As a punter, books written on media, particularly ones based on the relationship between traditional media institutions and the internet fascinate me. Not because I have any wonderful attraction to wanting to be a journalist, I am quite happy in my small business, the fascination is because I am an avid devourer of news who happens to actually work in the IT industry. I felt that I had to put this disclaimer first when discussing Tim Dunlop’s book, “The New Front Page: New Media and the Rise of the Audience” as obviously unlike many who will pick up Tim’s book (and hopefully many do), I am not a media insider, I am the ‘Audience’ Mr Dunlop refers to.
I am also one of the people on Twitter who sees the awful disrespectful tone of the #MSM hashtag being applied to anything in the media that some on Twitter disagree with. I have also done my fair share of whinging when I can’t comprehend why something is not reported that I feel should be, or when I am told by journalists that “I don’t understand the context” or “It’s just politics, that point is not important...” etc. Though I do understand that many are doing a job, they have editors, they don’t normally choose their own headlines and often are overworked. What I did not understand until I read Tim Dunlop’s book is why so many Journalists are aggressive, aloof or blatantly ignore you when you do ask a polite question? Not all mind you, though many do, often making me wonder why some journo’s are on Twitter, as it is interactive, though it seems quite a few like to chat amongst their own elite professional group, with the odd tweet to the unwashed masses flogging a piece they have written. As a person on Twitter who asks too many questions, this comment really appealed to me as I have thought to myself, “Hello, do you want me to buy your paper or subscribe at all”?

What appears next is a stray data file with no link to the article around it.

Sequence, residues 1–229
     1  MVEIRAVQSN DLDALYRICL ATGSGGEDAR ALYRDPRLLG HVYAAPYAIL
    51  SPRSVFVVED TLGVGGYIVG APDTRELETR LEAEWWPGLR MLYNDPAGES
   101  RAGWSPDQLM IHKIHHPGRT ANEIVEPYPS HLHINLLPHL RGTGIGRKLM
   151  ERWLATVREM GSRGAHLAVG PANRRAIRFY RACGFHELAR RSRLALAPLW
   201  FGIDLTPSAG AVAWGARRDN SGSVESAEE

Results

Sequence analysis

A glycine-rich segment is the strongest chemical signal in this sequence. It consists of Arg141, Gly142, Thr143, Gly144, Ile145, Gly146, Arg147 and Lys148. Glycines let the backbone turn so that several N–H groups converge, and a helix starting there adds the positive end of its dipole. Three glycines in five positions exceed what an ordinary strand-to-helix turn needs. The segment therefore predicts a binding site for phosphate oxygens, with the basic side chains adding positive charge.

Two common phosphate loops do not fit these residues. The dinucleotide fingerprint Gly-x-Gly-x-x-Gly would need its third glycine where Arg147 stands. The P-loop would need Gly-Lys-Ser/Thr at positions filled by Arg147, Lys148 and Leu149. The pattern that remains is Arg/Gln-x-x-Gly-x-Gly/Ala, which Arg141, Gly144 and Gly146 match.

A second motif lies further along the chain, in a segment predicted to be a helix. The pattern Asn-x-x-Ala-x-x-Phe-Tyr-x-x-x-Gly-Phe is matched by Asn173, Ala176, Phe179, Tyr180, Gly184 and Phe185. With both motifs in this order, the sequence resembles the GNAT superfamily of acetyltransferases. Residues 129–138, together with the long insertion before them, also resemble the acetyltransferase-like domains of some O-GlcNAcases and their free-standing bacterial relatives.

“Commenters, and those who speak to you via social media, are not the enemy; they are the audience.”
“The New Front Page” gives an excellent, easy to understand though still detailed explanation as to how we have come to the stage we are at now in the relationship between traditional media and online interests. Tim Dunlop has done a serious amount of research and I for one thoroughly appreciated it. Many authors writing on contemporary topics tend to forget that the reader may not be au fait with the history surrounding that topic and gloss over even limited explanations, thankfully this is not the case here.